Without getting too specific, the plot begins with Wesley's discovery that there are other chapters of 'The Fraternity,' the group of deadly assassins that he joined in the first installment. In Weapons of Fate, you'll meet some of those other members while also learning more about Wesley's origins. Sometimes this means a trip back in time to experience things from the perspective of his father, but generally the story unfolds in the present day. The occasional jumping around helps to fill in some of the blanks that the movie never bothered to address, but it also means that tension doesn't properly build. You may forget what's even going on unless you really concentrate. Another concern is that some of the important new details are presented in a hokey fashion that cheapens the story that led up to it. What could have been very cool instead resembles fan fiction.
The developers clearly tried to nail the feel of the film, though, and the good news is that some of those efforts bore fruit. It's nice to see even the little touches, like a familiar bullet assembly on the load screen or the availability of a 'Pussy' difficulty level. If you loved how foul-mouthed the characters were on the big screen, by the way, plan for that to continue throughout this game. The 'M' rating is completely justified, and not just because of the copious amounts of blood (though there's plenty of that to go around). Wesley's narration is laced with profanity--not just the mild stuff--and enemies are prone to shouting derogatory terms at regular intervals. In one level that I played, the same male voice called me all sorts of nasty things in the span of maybe 20 or 30 seconds, to the point where it was so over-the-top as to be accidentally ridiculous. Why do all of these bad guys have the same gruff voice and why do they all feel the need to suggest that I defile my mother and suck on various parts of the male anatomy?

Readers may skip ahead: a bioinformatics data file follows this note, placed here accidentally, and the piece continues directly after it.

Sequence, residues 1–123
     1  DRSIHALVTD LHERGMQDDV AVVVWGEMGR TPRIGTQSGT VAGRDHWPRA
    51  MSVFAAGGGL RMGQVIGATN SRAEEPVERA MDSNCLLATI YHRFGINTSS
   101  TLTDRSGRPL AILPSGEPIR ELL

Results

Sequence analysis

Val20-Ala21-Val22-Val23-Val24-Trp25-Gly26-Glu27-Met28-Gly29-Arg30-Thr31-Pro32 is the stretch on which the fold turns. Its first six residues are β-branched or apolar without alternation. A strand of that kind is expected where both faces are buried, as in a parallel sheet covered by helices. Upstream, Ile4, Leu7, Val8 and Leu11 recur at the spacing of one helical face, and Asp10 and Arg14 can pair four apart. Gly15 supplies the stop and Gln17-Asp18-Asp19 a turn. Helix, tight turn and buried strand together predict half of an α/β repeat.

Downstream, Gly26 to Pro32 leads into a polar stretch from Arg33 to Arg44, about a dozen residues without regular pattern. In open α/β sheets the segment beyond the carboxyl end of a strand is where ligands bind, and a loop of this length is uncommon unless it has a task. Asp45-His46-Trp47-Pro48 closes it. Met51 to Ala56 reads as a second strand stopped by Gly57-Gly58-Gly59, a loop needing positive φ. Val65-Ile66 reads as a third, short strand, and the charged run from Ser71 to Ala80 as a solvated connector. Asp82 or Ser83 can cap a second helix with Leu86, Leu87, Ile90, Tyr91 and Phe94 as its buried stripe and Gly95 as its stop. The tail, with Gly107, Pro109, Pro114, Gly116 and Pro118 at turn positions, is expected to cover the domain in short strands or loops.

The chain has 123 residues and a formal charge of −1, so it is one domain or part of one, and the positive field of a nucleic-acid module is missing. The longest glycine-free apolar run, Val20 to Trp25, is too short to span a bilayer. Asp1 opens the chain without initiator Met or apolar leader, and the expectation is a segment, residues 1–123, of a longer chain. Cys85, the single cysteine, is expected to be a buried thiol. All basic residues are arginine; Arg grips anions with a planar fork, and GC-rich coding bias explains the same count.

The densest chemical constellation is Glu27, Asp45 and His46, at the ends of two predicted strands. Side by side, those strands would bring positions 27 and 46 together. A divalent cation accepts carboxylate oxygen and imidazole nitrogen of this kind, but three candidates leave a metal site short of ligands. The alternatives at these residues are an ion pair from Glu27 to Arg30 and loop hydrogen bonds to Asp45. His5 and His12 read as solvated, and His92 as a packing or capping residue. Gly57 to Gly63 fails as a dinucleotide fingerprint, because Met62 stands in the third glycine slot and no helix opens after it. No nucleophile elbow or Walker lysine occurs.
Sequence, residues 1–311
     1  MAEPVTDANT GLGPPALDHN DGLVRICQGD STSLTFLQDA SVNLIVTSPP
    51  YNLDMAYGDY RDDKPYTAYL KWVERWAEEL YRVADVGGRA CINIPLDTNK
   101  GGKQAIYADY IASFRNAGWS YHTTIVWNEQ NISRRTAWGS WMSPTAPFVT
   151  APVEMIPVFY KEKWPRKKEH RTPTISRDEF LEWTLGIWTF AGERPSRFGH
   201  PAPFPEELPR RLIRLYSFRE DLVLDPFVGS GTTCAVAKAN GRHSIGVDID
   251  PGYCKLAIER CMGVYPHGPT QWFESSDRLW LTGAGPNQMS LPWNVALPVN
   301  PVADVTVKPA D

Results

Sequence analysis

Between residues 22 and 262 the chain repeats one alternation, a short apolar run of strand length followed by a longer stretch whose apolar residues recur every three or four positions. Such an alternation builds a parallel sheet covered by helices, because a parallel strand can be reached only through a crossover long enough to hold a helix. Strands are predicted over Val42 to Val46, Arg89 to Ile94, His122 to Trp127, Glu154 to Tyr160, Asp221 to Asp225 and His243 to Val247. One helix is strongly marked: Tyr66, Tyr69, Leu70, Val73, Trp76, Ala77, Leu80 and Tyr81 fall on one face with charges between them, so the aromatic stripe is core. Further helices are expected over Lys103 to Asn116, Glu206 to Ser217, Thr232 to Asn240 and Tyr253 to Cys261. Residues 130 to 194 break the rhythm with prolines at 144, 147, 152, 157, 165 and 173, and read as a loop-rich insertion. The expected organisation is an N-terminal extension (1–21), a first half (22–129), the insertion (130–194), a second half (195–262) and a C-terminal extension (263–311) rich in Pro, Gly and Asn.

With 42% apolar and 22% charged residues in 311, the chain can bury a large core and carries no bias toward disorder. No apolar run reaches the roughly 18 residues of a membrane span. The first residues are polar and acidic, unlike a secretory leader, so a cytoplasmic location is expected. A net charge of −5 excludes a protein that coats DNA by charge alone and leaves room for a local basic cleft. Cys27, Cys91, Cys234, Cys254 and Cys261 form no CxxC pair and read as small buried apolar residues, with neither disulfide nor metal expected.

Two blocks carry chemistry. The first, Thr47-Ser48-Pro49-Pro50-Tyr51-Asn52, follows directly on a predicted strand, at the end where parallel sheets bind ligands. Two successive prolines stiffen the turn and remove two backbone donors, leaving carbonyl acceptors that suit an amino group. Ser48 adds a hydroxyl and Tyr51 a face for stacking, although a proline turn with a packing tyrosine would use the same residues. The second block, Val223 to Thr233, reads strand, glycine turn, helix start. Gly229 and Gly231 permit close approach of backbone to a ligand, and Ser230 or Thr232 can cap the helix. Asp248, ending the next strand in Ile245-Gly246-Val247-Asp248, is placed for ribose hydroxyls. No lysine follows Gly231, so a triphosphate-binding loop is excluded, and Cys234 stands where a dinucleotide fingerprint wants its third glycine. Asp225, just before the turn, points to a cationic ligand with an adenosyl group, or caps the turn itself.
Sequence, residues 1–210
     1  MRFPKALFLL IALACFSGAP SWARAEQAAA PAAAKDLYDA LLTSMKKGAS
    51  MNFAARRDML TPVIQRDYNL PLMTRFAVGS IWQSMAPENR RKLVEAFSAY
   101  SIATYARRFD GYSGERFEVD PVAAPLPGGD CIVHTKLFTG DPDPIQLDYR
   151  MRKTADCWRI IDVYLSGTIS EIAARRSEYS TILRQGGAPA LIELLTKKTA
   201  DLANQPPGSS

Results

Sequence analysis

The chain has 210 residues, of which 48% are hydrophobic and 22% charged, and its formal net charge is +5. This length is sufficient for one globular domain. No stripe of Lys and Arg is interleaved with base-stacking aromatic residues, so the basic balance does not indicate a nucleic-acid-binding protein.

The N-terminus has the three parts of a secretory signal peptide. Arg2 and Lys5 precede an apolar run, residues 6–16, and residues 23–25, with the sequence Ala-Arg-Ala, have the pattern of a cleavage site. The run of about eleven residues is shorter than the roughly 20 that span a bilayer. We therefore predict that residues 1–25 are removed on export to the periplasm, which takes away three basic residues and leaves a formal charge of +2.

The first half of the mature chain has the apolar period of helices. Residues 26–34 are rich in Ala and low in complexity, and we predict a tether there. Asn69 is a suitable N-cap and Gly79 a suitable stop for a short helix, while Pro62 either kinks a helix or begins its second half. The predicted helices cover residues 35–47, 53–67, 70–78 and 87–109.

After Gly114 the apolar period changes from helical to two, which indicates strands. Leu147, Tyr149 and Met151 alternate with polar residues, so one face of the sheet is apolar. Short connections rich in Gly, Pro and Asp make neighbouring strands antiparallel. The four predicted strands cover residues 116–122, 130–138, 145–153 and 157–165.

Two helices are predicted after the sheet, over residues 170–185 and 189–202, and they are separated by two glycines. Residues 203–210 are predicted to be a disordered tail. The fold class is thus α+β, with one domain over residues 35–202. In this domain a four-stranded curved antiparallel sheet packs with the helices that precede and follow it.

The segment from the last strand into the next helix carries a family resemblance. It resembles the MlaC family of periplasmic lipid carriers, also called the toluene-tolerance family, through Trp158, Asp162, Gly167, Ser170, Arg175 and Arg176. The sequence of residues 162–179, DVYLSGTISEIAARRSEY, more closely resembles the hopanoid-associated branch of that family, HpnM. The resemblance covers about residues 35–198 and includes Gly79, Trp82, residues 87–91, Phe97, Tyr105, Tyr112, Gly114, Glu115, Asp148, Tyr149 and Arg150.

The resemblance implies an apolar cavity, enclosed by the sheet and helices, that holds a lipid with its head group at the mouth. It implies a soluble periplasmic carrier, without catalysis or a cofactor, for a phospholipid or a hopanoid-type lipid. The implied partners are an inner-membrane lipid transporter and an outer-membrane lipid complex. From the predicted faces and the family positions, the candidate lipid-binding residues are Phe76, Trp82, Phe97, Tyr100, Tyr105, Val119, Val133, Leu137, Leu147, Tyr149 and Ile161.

Vulgar outbursts aren't the only things the game and movie have in common. The amount of spent ammo is also very similar. Wanted: Weapons of Fate falls quite comfortably into the third-person shooter mold. You can run up to someone and gut him with a squishy-sounding thrust of your knife to his stomach or throat when it suits you, but most of your energy is reserved for the exchange of flying lead as you duck behind destructible bits of the environment and hope that your aim is good enough to wipe out all of the thugs that are gunning for you. If you let yourself run out of ammo, the game can get very frustrating as enemies stand two feet away and pelt you with bullets while you hug a wall that you're using for cover and fiddle with the camera. There's perhaps no sound more frightening than the echo of a hollow chamber when you expected a bang.